Friday, 22 March 2013

The Stop: How the Fight for Good Food Transformed a Community and Inspired a Movement

The Stop
How the Fight for Good Food 
Transformed a Community 
and Inspired a Movement
by Nick Saul and Andrea Curtis

Hardcover, 320 pages

 It began as a food bank. It turned into a movement.

Nobody really knows where life will take them. The best laid plans can go awry with illness, injury, divorce, death of a loved one, unemployment, or any other life-changing events. We all need a hand at one time or another and sometimes that includes food. But food banks are often the recipients of cast-off foods and seconds, unhealthy packed items and a generally dismal and often humiliating selection and process.

Nick Saul gradually turned a cramped and dreary last-refuge food bank into a movement in social and nutritional empowerment by getting the community involved. Over the years he has added gardens, kitchens, a greenhouse and farmers' markets with which people are encouraged to build skills, have fun, feel proud of their involvement and feed their families healthy foods.


The Stop strives to increase access to healthy food in a manner that maintains dignity, builds health and community and challenges inequality.

The book is intimate and encouraging, at times heart-breaking but ultimately you will be cheering for The Stop. Not only that, but I bet you will be thinking of ways that you can get involved in your local community.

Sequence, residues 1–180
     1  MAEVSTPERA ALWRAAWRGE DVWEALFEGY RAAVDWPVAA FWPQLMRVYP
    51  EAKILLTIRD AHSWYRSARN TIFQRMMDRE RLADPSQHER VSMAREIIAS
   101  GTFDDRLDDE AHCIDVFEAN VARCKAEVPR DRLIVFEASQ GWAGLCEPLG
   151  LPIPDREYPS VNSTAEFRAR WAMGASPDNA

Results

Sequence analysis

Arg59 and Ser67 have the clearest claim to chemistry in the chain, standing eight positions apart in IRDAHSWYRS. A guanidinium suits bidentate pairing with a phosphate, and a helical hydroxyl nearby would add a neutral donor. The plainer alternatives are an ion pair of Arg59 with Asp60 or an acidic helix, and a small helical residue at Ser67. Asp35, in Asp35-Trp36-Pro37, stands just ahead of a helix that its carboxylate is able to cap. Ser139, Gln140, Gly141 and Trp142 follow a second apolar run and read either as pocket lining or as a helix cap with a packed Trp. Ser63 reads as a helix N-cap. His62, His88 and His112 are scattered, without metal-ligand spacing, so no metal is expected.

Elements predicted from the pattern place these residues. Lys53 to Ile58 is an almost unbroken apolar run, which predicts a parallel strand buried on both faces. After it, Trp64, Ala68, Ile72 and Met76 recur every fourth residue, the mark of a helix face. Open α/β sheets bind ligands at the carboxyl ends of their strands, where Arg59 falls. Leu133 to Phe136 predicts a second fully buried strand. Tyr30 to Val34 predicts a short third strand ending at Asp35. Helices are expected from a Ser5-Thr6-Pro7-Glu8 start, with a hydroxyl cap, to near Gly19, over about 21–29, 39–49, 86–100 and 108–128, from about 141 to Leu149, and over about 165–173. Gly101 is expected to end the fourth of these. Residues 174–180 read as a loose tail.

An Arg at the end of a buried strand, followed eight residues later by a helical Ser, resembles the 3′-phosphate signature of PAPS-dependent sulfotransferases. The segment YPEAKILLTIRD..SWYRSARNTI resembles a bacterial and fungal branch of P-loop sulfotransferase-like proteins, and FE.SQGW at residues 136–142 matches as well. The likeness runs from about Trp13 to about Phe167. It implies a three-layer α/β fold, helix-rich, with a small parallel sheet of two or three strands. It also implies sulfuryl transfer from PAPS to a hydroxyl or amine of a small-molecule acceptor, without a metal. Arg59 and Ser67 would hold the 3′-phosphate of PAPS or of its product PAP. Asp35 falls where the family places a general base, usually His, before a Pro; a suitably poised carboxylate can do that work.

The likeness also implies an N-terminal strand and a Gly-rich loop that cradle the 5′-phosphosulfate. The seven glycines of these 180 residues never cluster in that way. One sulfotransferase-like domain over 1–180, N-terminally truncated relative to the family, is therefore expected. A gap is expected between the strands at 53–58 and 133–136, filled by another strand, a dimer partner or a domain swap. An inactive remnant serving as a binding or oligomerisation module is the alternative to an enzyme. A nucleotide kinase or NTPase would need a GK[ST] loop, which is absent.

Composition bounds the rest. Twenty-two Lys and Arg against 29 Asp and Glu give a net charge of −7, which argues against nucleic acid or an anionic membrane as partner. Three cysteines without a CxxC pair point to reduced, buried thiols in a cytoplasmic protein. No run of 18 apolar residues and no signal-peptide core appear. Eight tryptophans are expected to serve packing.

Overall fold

Chapters Include:
1. No One Wants a Handout
2. Gardens Won't Save the Planet, But They'll Make It a Whole Lot Nicer Place to Live
3. All Good Parties End Up in the Kitchen
4. Poverty is Ruthless
5. Change Happens Because People Fight for It
6. Build a Big Tent
7. Eat the Math
8. The Power of Food
9. The Revolution Must Be Funded
10. Food Is a Public Good

Photo credit: Karri North
NICK SAUL was executive director of The Stop Community Food Centre in Toronto from 1998 to 2012 and is a recipient of the prestigious Jane Jacobs Prize and the Queen’s Jubilee Medal. He is now president and CEO of Community Food Centres Canada, an organization that will bring the innovations of The Stop to communities across Canada.

ANDREA CURTIS is an award-winning writer and editor. Her family memoir, Into the Blue: Family Secrets and the Search for a Great Lakes Shipwreck, won the Edna Staebler Award for Creative Non-Fiction. Curtis’s first children’s book is What’s for Lunch? How Schoolchildren Eat Around the World.

SAUL and CURTIS live with their two boys in Toronto.